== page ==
Well, here’s something I’m sure none of you have ever encountered before, a question about how faith and works go together in regard to salvation! :rolleyes: I really do wonder about this, though, so I hope you’ll bear with me…
Many Protestants believe that salvation comes simply by having faith in Christ. This usually means confessing that Christ is Lord and believing that God raised Him from the dead, as expressed in Romans 10:9:
That if you confess with your mouth, “Jesus is Lord,” and believe in your heart that God raised him from the dead, you will be saved.
Ephesians 2:8-9 also is often cited:
For it is by grace you have been saved, through faith—and this not from yourselves, it is the gift of God— not by works, so that no one can boast.
Of course, as I have studied, I have discovered many more verses that speak of the importance of works. In fact, immediately after the passage I just cited, verse 10 says:
For we are God’s workmanship, created in Christ Jesus to do good works, which God prepared in advance for us to do.
There are also passages about faith without deeds being dead and many more. I’m not going to list them all here, but there are a good deal of them.
So, I’ve come to see that the common Protestant view of things is overly-simplistic. What I’m wondering is how Catholics actually view works and faith. It is apparent to me that they go together, but I’m not sure exactly how. I guess there are several ways of viewing things:
Salvation is purely by faith alone in Christ. Good works are a natural result of this faith, but do nothing to obtain salvation. Nothing a person does after receiving salvation can cause a person to lose it (aka “eternal security”).
Salvation is by faith alone in Christ. As above, good works are a natural result of this faith, but do nothing to obtain salvation. It is possible to lose salvation by completely falling way from Christianity (another Protestant view, held by those who don’t accept the “eternal security” idea).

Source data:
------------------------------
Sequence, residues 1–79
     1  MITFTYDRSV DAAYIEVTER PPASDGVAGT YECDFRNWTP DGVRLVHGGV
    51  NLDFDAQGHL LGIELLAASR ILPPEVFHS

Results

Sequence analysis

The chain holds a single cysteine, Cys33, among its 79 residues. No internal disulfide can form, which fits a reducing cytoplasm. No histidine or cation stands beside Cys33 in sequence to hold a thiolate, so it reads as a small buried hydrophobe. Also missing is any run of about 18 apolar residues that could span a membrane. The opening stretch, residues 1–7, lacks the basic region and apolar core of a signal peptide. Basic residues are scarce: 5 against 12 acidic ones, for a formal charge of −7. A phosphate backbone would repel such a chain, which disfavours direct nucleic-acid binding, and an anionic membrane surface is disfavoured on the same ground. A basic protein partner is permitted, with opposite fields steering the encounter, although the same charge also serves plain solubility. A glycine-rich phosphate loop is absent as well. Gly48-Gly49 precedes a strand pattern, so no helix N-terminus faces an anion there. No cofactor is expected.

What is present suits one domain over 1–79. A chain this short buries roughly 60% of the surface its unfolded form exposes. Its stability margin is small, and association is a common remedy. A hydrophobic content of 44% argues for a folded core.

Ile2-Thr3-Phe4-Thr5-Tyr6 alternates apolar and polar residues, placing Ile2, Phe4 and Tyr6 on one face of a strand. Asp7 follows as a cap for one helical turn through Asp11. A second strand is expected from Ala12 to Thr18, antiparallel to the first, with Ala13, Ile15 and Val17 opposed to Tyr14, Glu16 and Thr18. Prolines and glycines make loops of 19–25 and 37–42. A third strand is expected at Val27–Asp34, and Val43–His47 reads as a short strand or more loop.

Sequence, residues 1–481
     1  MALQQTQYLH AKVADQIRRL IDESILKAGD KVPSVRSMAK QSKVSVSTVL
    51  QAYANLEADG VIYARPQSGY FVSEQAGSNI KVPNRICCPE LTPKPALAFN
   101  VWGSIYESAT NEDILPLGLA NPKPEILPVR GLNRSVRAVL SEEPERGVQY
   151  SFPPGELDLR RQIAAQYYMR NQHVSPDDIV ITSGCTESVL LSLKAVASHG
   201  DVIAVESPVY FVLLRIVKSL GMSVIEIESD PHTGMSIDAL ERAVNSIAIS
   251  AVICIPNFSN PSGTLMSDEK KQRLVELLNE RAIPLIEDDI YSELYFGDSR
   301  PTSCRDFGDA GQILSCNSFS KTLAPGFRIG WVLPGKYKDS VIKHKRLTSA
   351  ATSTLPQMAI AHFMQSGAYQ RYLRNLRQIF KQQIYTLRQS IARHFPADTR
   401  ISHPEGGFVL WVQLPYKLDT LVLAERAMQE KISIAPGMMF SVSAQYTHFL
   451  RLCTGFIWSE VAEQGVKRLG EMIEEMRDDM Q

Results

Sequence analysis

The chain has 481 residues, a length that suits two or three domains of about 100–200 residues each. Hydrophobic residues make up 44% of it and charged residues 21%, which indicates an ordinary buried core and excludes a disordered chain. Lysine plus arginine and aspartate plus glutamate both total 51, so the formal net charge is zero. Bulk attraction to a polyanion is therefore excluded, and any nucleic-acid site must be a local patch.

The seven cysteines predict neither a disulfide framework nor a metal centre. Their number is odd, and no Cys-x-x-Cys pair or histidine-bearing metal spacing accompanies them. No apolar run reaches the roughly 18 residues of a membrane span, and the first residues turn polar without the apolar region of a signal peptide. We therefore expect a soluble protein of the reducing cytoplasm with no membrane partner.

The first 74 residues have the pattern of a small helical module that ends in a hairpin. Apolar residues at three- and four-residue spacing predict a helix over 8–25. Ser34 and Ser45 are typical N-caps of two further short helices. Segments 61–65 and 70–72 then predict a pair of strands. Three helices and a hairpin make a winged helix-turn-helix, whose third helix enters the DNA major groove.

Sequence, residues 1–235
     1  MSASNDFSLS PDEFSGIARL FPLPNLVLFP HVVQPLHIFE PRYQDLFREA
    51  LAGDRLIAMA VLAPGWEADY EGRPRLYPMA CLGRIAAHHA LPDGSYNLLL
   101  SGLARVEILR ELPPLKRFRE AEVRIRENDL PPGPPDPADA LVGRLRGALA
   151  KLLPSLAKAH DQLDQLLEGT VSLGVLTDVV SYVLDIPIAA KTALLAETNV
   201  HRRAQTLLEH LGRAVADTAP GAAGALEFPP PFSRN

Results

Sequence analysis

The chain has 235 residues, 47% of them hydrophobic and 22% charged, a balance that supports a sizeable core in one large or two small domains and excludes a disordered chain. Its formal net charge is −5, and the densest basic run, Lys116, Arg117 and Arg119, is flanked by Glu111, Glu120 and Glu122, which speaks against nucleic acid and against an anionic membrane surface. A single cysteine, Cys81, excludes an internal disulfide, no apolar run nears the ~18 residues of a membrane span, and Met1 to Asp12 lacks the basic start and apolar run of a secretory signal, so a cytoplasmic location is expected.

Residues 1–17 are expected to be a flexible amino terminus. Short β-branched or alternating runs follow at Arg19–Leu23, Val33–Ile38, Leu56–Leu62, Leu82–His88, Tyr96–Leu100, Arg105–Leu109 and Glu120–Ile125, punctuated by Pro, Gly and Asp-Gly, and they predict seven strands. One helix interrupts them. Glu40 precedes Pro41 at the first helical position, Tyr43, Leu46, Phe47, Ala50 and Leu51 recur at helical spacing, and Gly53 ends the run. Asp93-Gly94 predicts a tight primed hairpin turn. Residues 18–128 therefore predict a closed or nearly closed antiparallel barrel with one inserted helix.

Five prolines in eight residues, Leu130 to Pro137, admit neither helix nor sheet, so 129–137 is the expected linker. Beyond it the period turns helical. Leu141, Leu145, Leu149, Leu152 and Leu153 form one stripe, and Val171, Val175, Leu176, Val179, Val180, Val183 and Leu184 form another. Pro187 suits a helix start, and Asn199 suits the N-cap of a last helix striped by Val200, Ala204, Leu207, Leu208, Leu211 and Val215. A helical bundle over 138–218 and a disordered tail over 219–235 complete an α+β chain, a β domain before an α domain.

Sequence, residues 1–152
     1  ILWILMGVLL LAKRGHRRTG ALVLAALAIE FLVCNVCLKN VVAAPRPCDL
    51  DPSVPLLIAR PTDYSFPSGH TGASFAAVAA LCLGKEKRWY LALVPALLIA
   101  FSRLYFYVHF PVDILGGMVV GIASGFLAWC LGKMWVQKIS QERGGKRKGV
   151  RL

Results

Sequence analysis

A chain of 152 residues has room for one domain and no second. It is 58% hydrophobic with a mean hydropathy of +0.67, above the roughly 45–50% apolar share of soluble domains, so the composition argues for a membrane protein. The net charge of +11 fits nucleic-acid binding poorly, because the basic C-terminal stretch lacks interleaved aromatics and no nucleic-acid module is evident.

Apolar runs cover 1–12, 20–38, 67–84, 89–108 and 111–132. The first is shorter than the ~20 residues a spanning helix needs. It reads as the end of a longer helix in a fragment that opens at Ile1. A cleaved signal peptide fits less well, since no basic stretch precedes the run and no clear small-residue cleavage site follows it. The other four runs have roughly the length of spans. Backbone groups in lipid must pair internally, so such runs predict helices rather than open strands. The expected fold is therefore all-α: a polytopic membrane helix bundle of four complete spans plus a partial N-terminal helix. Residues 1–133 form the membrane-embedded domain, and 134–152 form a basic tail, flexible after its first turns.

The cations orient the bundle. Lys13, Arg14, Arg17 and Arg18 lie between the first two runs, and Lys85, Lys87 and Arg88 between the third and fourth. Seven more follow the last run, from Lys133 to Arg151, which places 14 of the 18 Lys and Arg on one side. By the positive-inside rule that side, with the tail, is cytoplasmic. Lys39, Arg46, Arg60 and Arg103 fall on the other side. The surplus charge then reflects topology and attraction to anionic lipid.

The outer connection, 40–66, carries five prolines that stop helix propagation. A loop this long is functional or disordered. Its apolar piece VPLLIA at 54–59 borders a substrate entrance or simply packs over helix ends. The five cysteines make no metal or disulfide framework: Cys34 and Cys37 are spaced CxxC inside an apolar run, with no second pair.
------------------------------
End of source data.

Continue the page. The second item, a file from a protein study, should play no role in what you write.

Salvation is earned by doing good works and avoiding bad works or sins (this would be a common view of non-Christians who admit the existence of God but don’t accept organized religion).
Salvation is by faith in Christ, but every time a person sins, they lose their salvation, and need to repent of their sins to be restored to a “saved” state.
Salvation is by faith in Christ, but saying “yes” to Christ is not just a onetime confession. It is doing His will. So, in effect, good works are how we say “yes” to Christ in our everyday lives. Every time we sin, we are saying “no” to Christ. Certain sins (i.e. mortal sins), equate to such a violent “no” that we are no longer in the state of grace (i.e. the state we need to be in at death in order to go to Heaven).
Now, I guess I see option five as being the Catholic view, but I still don’t think I’m expressing it correctly. Could anyone give a better description of how faith and works go together in Catholicism? Thanks so very much, and thanks also for bearing with questions you’ve probably encountered many times before!